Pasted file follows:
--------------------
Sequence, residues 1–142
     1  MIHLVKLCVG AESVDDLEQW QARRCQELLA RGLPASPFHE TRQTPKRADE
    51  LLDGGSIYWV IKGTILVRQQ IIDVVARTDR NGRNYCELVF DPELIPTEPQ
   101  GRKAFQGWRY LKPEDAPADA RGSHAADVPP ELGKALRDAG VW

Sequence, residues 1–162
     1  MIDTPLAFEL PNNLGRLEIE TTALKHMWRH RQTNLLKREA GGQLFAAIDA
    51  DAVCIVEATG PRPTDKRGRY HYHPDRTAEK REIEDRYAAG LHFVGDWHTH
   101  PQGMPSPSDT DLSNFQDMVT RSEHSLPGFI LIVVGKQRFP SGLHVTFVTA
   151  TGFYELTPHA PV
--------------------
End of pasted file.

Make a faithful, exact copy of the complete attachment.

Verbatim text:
Sequence, residues 1–142
     1  MIHLVKLCVG AESVDDLEQW QARRCQELLA RGLPASPFHE TRQTPKRADE
    51  LLDGGSIYWV IKGTILVRQQ IIDVVARTDR NGRNYCELVF DPELIPTEPQ
   101  GRKAFQGWRY LKPEDAPADA RGSHAADVPP ELGKALRDAG VW

Sequence, residues 1–162
     1  MIDTPLAFEL PNNLGRLEIE TTALKHMWRH RQTNLLKREA GGQLFAAIDA
    51  DAVCIVEATG PRPTDKRGRY HYHPDRTAEK REIEDRYAAG LHFVGDWHTH
   101  PQGMPSPSDT DLSNFQDMVT RSEHSLPGFI LIVVGKQRFP SGLHVTFVTA
   151  TGFYELTPHA PV